"Il riscaldamento va e viene."
Translation:The heating comes and goes.
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I see you're learning spanish too. I'm native spanish, and I can tell you that you'll find this same phrase in Spanish too... it means "va y viene", I mean, it's works randomly: sometimes it works fine, sometimes it doesn't work, sometimes it works poorly... it isn't stable :)
This is what observe and understand. Similar to Spanish
Irse e Venire -Go (away) and come (back)- refers to the suspension and reactivation of certain services like electricity (often called "corrente" or "luce") and water. You might hear "la corrente si va ogni giorno alle otto e viene alle undici" Everyday the light goes (away) at 8:00 and comes (back) or returns at 11:00. This is, everyday the electric service is suspended at 8:00 and reactivated at 11:00. "La luce va e viene ogni giorno a la stessa ora, da cinco a sette dalla mattina".
Ire e venire (go and come) refers to the functioning of something. "Il ricalentamento va e viene" (the heating -referring to the heating system- goes and comes). That is, it stops working and then starts working again.
Considering the lengthy discussion this has caused, perhaps this sentence should be moved to the idioms lesson. Can we all just agree that idioms are the way they are through tradition and traditions are regional and cultural. Romance languages do it one way, English the other. (I don't know if it extends to other Germanic languages. Any German speakers?) It's not unusual for English to be opposite of everyone else. Look at how the English insisted on driving on the left side of the road for no other reason than the French use the right. LOL Although, it also has something to do with one's sword arm.
Judging by the number of posts saying it didn't make sense and it should be "on and off" suggests many highly intelligent people would differ. When this many people are confused, I usually stop blaming the people. The heating, whether it's "comes and goes" or "goes and comes", suggests on face value that your heater it getting up and leaving the house, only to return when it's finished its errands. I see your point that there are many idioms that are much more baffling. But, I guess it's a matter of degrees. How "opaque" does it have to be to qualify? Is "translucent" good enough? ;-)
The complaints come from a solidly English-language sense that the words "on" and "off" need to come in a certain sequence. I don't think I've seen anyone say they don't understand what it means, just that they don't understand why it's said slightly differently.
An idiom would be more along the lines of "Non vedo l'ora". Literally, it says "I cannot see the hour". Can you guess from this that it's used to mean "I can't wait"?
Plenty of people say "comes and goes". Like me.
And "goes on and off" does not mean the same thing as "comes and goes". The former refers to it cycling on and off normally. The latter refers to when something goes wrong and sometimes it functions as it should and sometimes it doesn't.
In this case, it's a matter of that's not how the expression works. Just because you can use the simple present or the present progressive in general doesn't mean they mean the same thing and isn't always appropriate in all contexts.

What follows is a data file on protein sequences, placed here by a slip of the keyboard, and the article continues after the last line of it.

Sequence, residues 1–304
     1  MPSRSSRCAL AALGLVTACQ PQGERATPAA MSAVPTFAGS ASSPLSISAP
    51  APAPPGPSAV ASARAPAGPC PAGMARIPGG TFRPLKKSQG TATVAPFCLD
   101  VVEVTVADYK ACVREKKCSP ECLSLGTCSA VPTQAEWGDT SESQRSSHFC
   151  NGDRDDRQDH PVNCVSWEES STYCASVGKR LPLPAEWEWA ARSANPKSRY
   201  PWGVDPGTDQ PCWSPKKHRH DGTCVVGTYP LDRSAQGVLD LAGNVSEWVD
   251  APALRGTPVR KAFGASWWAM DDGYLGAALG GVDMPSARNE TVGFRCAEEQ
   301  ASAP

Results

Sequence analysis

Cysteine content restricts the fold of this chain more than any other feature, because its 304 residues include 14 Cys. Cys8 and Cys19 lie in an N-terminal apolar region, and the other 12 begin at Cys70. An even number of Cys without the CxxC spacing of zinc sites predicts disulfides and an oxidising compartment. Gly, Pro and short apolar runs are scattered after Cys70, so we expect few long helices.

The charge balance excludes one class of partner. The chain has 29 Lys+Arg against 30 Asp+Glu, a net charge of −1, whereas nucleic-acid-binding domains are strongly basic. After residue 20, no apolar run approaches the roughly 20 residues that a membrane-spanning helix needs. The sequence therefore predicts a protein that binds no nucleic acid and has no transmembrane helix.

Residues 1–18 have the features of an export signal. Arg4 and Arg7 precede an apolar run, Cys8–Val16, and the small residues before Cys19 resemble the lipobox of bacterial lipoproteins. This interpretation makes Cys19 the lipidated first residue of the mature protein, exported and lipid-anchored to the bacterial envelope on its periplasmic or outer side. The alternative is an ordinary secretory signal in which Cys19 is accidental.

The expression "the heat comes and goes" is always in the present simple. It means "sometimes the heating works right and sometimes it doesn't".
"The heat is coming and going" sounds off to me as a native speaker of Midwestern American English. It's not something that can be happening right now. It's the general overall state of how the heating functions.
@Rostellan I'm not a moderator, but I might be able to help. Translation is as much an art as a skill. It would behoove you to give up on always finding a direct translation. Especially, with sayings and idioms.
"It goes" is plain, basic, vanilla, present tense. The funny thing is, we English speakers don't speak in present tense as often as one might think. We often use the gerund, as in, "It is going." It would sound strange to an English speaker to say, "Ok, I go now." We would use the gerund, "I am going."
However, speaking in present tense isn't strange in romance languages, such as Italian. If we were to write the sentence above as a gerund, it would read: "Il riscaldamento sta andando e venendo."
But "comes and goes" or "goes and comes" sounds better to me, especially being a turn of phrase.
This is a case where the idiom differs between Italian and English, and so we need to reverse things to render it naturally in English. And in English, we say "The heating comes and goes". It means that it's not working the way it should; it's kind of broken. Sometimes it works okay and sometimes it doesn't. And this kind of thing sounds rather odd in the continuous aspect. It makes it sound like the on-again-off-again is all happening right now in this very moment rather than being a general description of how it works.
Different languages are not blind one-to-one word swaps of each other. Different languages say things differently Translation is taking how something is said in the source language and rendering it naturally in the target language. Yes, in Italian they say "va e viene". And in English we say "comes and goes".